1. Havana, Cuba in 1900
Calle de Habana
Teatro de Tacon, Habana
Paseo del Prado
Execution Wall in Cabanas, Havana, Cuba
Avenue of Palms, Havana
Color tinted photochromes I found on the Beinecke Rare Book & Manuscript Library.
2. Antlers that Hunter S Thompson stole from Hemingway’s home are returned to the family
A set of antlers stolen by the late Hunter S Thompson from the home of Ernest Hemingway has been returned to the Nobel laureate’s family by the gonzo journalist’s widow. The late gonzo journalist ‘got caught up in the moment’ on a visit to his idol’s home, his widow explained, and had long planned to return them.
Hunter S. Thompson’s widow, Anita (second to left), returned a pair of stolen elk antlers to the home of Ernest Hemingway in Ketchum, Idaho last week. The late writer stole the antlers from Hemingway’s home while on assignment for the National Observer in 1964. The antlers have hung at the Thompson’s Owl Farm home in Woody Creek for the last 52 years. “Hunter later regretted this,” Anita wrote in an e-mail Sunday. “Hunter and I planned to take a road trip back to Ketchum and quietly return them. But we never did.” • #aspen #aspentimes #pitkincounty #colorado #local #news #hunterthompson #owlfarm #woodycreek #gonzo #journalism #ernesthemingway #literature #ketchum #idaho @natobserver
Full story found via the Guardian.
3. Buzz Aldrin at 38, pole vaults in 1968 in his backyard, a year before he walked on the moon
Found on Reddit.
4. Messengers of War
August 9, 1918 – Carrier Pigeon being released from a pothole in the side of a tank of the 10th Battalion, Tank Corps during World War 1. The Messenger Pigeons, used in both World Wars, were credited with saving thousands of lives and altering the course of battles.
Found on Expect the Unexpected Today.
5. Vintage US Military Design Handbook from 1942
Print magazine scanned the entire copy of a 1942 “United States Service Symbols” by Cleveland H. Smith and Gertrude R. Taylor. Sold as a handbook for wartime citizens, this colorful 5 1/2″X 8″ 117-page edition describes and illustrates the insignias and graphics used by the various divisions of the armed forces. More of this book found over on Print Mag.
6. Fashion in 1975 as demonstrated by Elton, Diana and Cher
Pictured at the Rock Music Awards, more photos of this trio on the night found on this Tumblr.
7. The Real Cowgirls of American West
More photos found on Vintage Everyday.
8. Inside an Abandoned Girls Scout Camp
In this story presumably about architecture, people die, a family suffers a great tragedy, pre-teen girls electively spend weeks at a time sleeping outside on a man-free island Utopia, Sylvia Plath shows up for enough time to break a leg, a German scientist cures tuberculosis, a group of former Girl Scouts sue for land rights.
Full story found on Curbed
9. This Secret Beach and the Milky Way in Oregon
Uploaded by a Reddit user. Commenters suggest the spot is known as Short beach or Radar beach to locals.
10. Henry Ford’s Failed 1920s Utopian City In The Amazon
In the 1920s the US industrialist wanted to found a city based on the values that made his company a success – while, of course, producing cheap rubber. The jungle city that bore his name ended up one of his biggest failures.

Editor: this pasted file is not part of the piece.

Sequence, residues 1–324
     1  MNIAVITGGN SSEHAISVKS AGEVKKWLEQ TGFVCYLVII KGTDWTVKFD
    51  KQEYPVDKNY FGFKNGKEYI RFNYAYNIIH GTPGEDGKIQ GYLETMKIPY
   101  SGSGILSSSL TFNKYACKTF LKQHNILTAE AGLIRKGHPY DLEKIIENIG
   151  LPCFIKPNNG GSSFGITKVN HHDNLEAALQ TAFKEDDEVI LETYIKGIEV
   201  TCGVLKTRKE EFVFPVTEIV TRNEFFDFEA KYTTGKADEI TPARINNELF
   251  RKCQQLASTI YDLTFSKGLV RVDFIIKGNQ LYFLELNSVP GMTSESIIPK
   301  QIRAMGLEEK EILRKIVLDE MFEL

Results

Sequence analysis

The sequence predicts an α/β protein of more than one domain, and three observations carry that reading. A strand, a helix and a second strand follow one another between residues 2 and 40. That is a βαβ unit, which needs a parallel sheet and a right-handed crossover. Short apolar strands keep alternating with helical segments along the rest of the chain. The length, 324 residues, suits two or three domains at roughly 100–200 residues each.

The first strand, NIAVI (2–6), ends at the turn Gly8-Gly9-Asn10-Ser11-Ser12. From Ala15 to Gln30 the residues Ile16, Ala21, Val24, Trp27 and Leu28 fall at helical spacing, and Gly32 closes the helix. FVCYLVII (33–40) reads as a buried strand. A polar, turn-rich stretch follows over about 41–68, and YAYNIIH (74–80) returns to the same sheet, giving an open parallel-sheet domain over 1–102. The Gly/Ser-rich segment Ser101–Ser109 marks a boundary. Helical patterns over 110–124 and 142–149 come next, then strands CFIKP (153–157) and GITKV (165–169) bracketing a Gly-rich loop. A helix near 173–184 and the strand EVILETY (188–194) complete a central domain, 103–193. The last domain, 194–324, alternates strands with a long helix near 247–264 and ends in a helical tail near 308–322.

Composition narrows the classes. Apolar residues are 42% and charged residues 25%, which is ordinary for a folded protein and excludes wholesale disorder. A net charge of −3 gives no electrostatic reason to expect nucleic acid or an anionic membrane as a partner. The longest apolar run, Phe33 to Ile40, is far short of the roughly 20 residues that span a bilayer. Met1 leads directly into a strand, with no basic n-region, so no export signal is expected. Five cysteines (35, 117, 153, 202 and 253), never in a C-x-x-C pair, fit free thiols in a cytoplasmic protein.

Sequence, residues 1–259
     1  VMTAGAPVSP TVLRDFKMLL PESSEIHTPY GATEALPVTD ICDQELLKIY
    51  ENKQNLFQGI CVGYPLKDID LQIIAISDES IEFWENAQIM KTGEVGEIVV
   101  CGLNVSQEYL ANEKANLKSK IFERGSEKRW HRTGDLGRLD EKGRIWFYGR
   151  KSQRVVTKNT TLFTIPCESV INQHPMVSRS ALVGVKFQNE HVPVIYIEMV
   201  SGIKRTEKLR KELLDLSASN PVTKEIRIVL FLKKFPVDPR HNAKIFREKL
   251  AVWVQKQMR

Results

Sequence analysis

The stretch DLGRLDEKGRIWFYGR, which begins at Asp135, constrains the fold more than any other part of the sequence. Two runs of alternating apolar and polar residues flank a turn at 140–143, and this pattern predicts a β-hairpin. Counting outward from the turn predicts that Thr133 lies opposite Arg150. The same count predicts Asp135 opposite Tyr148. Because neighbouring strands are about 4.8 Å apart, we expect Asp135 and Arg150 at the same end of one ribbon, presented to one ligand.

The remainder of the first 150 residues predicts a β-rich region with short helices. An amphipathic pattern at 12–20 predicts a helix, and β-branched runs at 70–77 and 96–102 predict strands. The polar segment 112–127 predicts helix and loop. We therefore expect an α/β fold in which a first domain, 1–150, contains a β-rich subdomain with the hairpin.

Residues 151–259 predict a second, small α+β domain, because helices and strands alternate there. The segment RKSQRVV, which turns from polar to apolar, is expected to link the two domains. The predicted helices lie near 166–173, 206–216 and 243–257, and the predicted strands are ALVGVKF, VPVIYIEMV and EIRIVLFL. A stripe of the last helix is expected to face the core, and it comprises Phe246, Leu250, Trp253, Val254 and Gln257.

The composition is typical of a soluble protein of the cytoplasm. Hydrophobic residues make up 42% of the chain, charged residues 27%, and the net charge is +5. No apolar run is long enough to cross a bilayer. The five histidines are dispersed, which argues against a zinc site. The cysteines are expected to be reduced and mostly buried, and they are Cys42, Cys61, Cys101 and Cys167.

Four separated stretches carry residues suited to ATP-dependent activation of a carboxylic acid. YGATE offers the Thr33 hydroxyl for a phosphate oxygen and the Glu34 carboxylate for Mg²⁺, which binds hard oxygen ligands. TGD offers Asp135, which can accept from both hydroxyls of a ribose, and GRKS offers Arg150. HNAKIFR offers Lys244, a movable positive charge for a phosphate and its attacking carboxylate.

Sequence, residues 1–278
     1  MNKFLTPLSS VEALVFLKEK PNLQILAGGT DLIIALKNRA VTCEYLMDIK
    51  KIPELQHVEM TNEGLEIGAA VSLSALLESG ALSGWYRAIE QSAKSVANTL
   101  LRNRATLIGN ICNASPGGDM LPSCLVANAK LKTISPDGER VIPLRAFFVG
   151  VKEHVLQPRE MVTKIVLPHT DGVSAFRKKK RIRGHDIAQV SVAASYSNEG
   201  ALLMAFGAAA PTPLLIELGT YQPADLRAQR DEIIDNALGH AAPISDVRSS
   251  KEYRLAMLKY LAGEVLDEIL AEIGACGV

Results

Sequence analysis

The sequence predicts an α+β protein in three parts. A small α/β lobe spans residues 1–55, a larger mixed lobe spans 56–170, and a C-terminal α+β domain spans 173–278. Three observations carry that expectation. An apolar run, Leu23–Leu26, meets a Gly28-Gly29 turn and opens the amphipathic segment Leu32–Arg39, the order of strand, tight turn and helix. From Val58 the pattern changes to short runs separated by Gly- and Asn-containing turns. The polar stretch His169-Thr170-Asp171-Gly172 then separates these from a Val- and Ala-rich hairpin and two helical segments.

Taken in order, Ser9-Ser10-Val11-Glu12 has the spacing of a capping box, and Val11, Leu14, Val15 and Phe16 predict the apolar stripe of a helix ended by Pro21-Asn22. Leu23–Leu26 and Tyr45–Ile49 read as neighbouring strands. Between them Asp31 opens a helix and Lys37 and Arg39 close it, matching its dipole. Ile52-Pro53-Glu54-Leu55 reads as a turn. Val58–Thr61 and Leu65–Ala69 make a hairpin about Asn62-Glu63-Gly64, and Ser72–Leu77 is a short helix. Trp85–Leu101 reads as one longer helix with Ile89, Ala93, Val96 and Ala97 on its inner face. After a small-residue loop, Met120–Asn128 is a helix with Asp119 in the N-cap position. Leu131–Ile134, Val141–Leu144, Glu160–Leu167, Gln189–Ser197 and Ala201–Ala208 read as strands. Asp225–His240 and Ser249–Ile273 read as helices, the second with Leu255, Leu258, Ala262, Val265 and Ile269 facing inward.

“Ford had the right to run Fordlandia as a separate state.”
The city was built with a separate neighbourhood, the Vila Americana, for the American staff who worked there. Grandin points out that this development was separated from the areas intended for Brazilian workers. “It was offset a bit, similar to the relationship of suburbia to a city,” he says. The Vila Americana had the best view of the city, and was the only section with running water; while the Brazilian workers made do with water supplied by wells.
Ford’s desire that the city remain alcohol-free proved all but impossible to enforce… At the workers’ cafe, in which skilled workers were separated from manual labourers, an argument between supervisor Kaj Ostenfeld and Manuel Caetano, a brick mason working at the city, quickly escalated. Workers rallied behind Caetano, vandalising the city, destroying generators, manufacturing equipment, and even their own homes.
Fordlandia’s managerial staff managed to escape by ship. Above: The drawing room in the museum that’s housed in one of the former managers’ homes in Vila Americana.
Read the full article on The Guardian.
11. The 70 Year-old Reporter’s Notebook
Still in production after 70 years when a N.Y Times journalist asked Stationers Inc that he needed a reporters book small enough for his pocket. Need.
Available in two sizes on Present & Correct.
12. The Greatest Place in the World for a Cup of Tea
The tea room is a part of the KAI Atami resort, crafted by Japanese architect Hiroshi Nakamura and tree house builder Takashi Kobayashi in a 300 year-old cinnamomum camphora tree overlooking the ocean in Shizuoka Prefecture, Japan.
More information and photos on Live Fast.
13. The Last Razor Repairman in Paris
In a cluttered shop from a bygone era, 73-year-old Jacques Guillaume has been repairing electric razors since 1962. He says he’s the last of a kind.
Today, he’s working on a vintage Sunbeam razor from the 1960s. He says that was a good, solid American brand. But it doesn’t exist anymore.
Since Guillaume’s been sitting in this spot for the last 50 years, I ask him what’s changed about Paris.
He says the city was so different before. “People were more connected with each other and there was a certain civility that we don’t even imagine today,” he says.
For example, if a man went out shopping, he wouldn’t think of coming home without a bouquet of flowers for his wife.
Listen to the full interview segment on NPR